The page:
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U.S. FDA Approves Inotuzumab Ozogamicin for Treatment of Patients with R/R B-cell precursor Acute Lymphoblastic Leukemia

Published on 17th August

The United States Food and Drug Administration (FDA) approved inotuzumab ozogamicin (Besponsa™, Wyeth Pharmaceuticals Inc., a subsidiary of Pfizer Inc.) for the treatment of adults with relapsed or refractory B-cell precursor acute lymphoblastic leukemia (ALL).

Acute lymphoblastic leukemia (ALL) is an aggressive type of leukemia with a poor prognosis in adults.[1] The current foundational treatment is intensive, long-term chemotherapy.[2] In 2017, it is estimated that 5,970 cases of ALL will be diagnosed in the United States, with about 2 in 5 cases occurring in adults.[3] Approximately 20 to 40% of newly diagnosed adults with ALL are cured with current treatment regimens.[4] For patients with relapsed or refractory adult ALL, the five-year overall survival rate is less than 10%.[5]

The approval was based on data from INO-VATE ALL (NCT01564784INotuzumab Ozogamicin trial to in VestigAte Tolerability and Efficacy), a randomized (1:1), open label, international, multicenter study in 326 patients with Philadelphia chromosome-negative or Philadelphia chromosome-positive relapsed or refractory B-cell precursor ALL. Patients were required to have ≥5% bone marrow blasts and to have received one or two previous induction chemotherapy regimens for ALL.

NCT01564784 (CLINICAL TRIAL / INOTUZUMAB OZOGAMYCIN / CMC-544)
Illustration: Inotuzumab ozogamicin is an antibody – drug conjugate (ADC) comprised of a monoclonal antibody (mAb) targeting CD22, a cell surface antigen expressed on approximately 90 percent of B – cell malignancies , linked to a cytotoxic agent. When inotuzumab ozogamicin binds to the CD22 antigen on malignant B – cells, it is absorbed into the cell, at which point the cytotoxic agent calicheamicin is released to destroy the cell. Calicheamicin is a natural product of bacteria that was first discovered in caliche clay and was found to be toxic to normal and cancerous cells.

In this trial, patients with Philadelphia chromosome positive B cell precursor ALL were required to have disease that failed treatment with at least one tyrosine kinase inhibitor and standard chemotherapy.

Patients were randomized to receive either inotuzumab ozogamicin (n=164) or investigator’s choice of chemotherapy (n=162). Of the initial 218 randomized patients, 35.8% of those who received inotuzumab ozogamicin experienced complete remission (CR) for a median 8.0 months and 89.7% of those patients achieved minimal residual disease (MRD)-negativity. Of the patients who received chemotherapy, 17.4% experienced CR for a median 4.9 months and 31.6% of those patients achieved minimal residual disease MRD-negativity.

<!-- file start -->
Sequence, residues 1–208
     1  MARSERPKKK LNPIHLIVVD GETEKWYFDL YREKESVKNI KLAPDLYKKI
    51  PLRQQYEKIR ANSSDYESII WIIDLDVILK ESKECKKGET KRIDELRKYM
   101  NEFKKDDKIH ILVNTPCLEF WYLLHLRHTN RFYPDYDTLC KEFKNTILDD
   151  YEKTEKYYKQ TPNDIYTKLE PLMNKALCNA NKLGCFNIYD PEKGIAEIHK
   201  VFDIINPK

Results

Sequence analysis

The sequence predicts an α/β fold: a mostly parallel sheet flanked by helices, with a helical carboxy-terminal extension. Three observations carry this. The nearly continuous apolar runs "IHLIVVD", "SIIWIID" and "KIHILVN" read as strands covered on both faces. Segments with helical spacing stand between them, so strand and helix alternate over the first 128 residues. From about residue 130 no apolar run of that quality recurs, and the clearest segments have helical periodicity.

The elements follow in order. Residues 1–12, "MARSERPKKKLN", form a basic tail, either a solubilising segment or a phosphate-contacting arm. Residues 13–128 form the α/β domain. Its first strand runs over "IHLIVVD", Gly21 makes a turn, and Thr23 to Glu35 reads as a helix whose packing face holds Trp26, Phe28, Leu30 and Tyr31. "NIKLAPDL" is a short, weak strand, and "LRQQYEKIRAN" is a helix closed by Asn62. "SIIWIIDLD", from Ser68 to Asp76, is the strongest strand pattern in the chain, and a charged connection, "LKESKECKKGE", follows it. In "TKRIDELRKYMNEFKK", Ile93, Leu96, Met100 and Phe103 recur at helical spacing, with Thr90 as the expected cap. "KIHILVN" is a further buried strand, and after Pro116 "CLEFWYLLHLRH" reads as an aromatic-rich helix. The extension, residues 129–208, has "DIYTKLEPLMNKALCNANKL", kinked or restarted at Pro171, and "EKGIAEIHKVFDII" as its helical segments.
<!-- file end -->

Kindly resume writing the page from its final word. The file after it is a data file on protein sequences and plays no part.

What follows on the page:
Adverse events
The most common adverse reactions occurring in greater than 20% of patients were thrombocytopenia, neutropenia, infection, anemia, leukopenia, fatigue, hemorrhage, pyrexia, nausea, headache, febrile neutropenia, transaminases increased, abdominal pain, gamma-glutamyltransferase increased, and hyperbilirubinemia.

The most common (≥2%) adverse reactions reported as the reason for permanent discontinuation were infection, thrombocytopenia, hyperbilirubinemia, transaminases increased, and hemorrhage.

For the first cycle, the recommended dose of inotuzumab ozogamicin for all patients is 1.8 mg/m2 per cycle, administered as three divided doses on day 1 (0.8 mg/m2), day 8 (0.5 mg/m2), and day 15 (0.5 mg/m2).

The recommended dosing for subsequent cycles depends on response to treatment. Details are available in the full prescribing information. [6]

Breakthrough Therapy
A Biologics License Application (BLA) for inotuzumab ozogamicin was accepted for filing and granted Priority Review by the U.S. Food and Drug Administration (FDA) in February 2017.

In October 2015 inotuzumab ozogamicin received Breakthrough Therapy designation from the FDA in for ALL. Priority Review status accelerates FDA review time from 10 months to a goal of six months from the day of acceptance of filing, and is given to drugs that may offer major advances in treatment or may provide a treatment for which no adequate therapy exists. The Prescription Drug User Fee Act (PDUFA) goal date for a decision by the FDA is in August 2017.

Antibody-drug conjugate
Inotuzumab ozogamicin is an antibody-drug conjugate (ADC) comprised of a monoclonal antibody (mAb) targeting CD22, a cell surface antigen expressed on cancer cells in almost all B-ALL patients, linked to a cytotoxic agent.[7] When BESPONSA binds to the CD22 antigen on B-cells, it is internalized into the cell, where the cytotoxic agent calicheamicin is released to destroy the cell.[8]

The drug originates from a collaboration between Pfizer and Celltech (now UCB). Under the terms of this agreement, Pfizer has sole responsibility for all manufacturing and clinical development activities of the agent. Pfizer also collaborated with SFJ Pharmaceuticals Group on the registrational program (INO-VATE ALL) for inotuzumab ozogamicin.


Last Editorial Review: August 17, 2017

Featured Image: Leukemia white blood cells, Cancer cells. Courtesy: © 2017. Fotolia Used with permission.

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